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Subrogation Claim Barred by Insured’s Prior Lawsuit Defeat

March 22, 2024

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In New Jersey Manufacturers Insurance Company v. Lallygone LLC, the New Jersey Appellate Court affirmed a trial court’s decision to dismiss an insurer’s subrogation claim where similar claims raised by its insured were rejected by a court. In that case, New Jersey Manufacturer’s Insurance Company (“NJM”) issued a homeowner’s policy to its insured who hired a construction company, Lallygone, to perform certain garage renovations. The insured paid a 50% deposit through PayPal, and Lallygone hired subcontractors and purchased materials to begin the project. However, nine days into the project, the garage collapsed. NJM paid approximately $190,000 for the resulting claim and the insured also obtained a refund for the deposit from PayPal.

Lallygone filed suit against the insured in the Special Civil Part, claiming breach of contract and unjust enrichment since the insured had rescinded the down payment. The insured filed a counterclaim against Lallygone for breach of contract and Consumer Fraud. The insured admitted that the NJM claim had been completed, and there were no other pending matters or parties. Lallygone was awarded $9,151.76 at trial because the insured failed to compensate Lallygone for the cost of the materials and workmanship prior to the collapse. The trial court dismissed the counterclaim and found, among other things, that there was no evidence in the record as to what caused the dilapidated garage to collapse and noted that “the mere fact that that was not successful does not mean that [Lallygone] did anything wrong."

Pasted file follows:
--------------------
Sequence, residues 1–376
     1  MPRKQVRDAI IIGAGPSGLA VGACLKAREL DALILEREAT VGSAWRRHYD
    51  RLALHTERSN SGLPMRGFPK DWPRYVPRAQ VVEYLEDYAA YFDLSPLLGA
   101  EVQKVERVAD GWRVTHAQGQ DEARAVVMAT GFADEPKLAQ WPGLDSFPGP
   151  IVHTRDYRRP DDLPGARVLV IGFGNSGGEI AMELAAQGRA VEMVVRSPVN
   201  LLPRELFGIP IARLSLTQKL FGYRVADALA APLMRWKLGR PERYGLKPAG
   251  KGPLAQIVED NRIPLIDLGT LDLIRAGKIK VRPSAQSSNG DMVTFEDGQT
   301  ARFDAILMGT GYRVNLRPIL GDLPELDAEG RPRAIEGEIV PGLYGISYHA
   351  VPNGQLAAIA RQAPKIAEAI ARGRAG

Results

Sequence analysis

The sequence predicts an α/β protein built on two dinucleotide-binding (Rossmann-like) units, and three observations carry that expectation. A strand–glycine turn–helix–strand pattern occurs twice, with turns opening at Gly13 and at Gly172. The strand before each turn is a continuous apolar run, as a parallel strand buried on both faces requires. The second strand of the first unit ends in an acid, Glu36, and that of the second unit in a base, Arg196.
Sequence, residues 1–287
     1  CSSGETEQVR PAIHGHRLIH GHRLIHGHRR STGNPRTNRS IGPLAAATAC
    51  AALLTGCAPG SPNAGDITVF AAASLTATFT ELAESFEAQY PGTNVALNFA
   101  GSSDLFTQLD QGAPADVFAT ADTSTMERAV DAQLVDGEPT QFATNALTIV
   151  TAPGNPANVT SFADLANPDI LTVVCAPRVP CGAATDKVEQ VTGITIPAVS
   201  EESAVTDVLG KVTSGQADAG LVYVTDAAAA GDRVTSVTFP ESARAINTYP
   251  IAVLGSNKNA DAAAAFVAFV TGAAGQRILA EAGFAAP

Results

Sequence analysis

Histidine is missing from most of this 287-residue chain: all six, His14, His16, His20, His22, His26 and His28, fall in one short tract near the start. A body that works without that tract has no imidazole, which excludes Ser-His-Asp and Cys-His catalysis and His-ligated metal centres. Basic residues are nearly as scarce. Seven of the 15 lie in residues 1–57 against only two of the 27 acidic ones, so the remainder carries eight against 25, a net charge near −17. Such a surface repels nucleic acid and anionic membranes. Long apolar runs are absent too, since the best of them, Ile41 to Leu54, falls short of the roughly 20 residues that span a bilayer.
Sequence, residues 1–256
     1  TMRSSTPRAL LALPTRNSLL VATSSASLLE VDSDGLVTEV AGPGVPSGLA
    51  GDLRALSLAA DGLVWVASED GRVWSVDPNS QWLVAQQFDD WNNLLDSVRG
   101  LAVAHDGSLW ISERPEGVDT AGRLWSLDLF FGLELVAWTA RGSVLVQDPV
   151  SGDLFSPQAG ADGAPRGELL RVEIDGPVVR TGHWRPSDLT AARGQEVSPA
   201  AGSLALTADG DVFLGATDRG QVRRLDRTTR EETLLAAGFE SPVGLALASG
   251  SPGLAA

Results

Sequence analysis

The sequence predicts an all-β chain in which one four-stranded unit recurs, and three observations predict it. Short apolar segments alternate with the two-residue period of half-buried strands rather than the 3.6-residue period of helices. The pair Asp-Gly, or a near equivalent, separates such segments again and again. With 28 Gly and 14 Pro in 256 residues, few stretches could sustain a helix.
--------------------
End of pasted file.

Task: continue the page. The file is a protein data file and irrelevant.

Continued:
NJM subsequently filed a subrogation action against Lallygone, which moved to dismiss on the basis of res judicata and the entire controversy doctrine. The trial court granted the motion and found that the insured had prosecuted and lost on claims which stemmed from the same factual nexus of events related to the garage collapse.

The Appellate Division affirmed, finding that the subrogation claim was precluded by res judicata and the entire controversy doctrine. In so holding, the Court observed that as a subrogee, NJM can only recover as much as the Insured can recover, and that, because it "stands in the shoes" of the insured, NJM is bound by the prior actions of the insured. Because the insured brought and lost on the claims which "stem from the same factual nexus and all relat[e] to the collapse of the garage," NJM could not proceed with its subrogation claim. The Court noted that it was not clear why the insured raised his claims when he had already made a claim to NJM, but the fact remained that he tried the claims to a decision in a court of competent jurisdiction and therefore NJM's subrogation interest was also tried to a final decision on the merits. The rejection of the insured’s claims by the Special Civil Part “closed the door” on NJM from being able to recover on the same claims in the second proceeding.

This case serves as a warning for insurers to monitor the actions of their insureds after a loss and to consider participating or intervening in any legal proceedings involving the insured which may impact a company’s subrogation rights. The failure to do could, as in this case, result in the loss of those rights.

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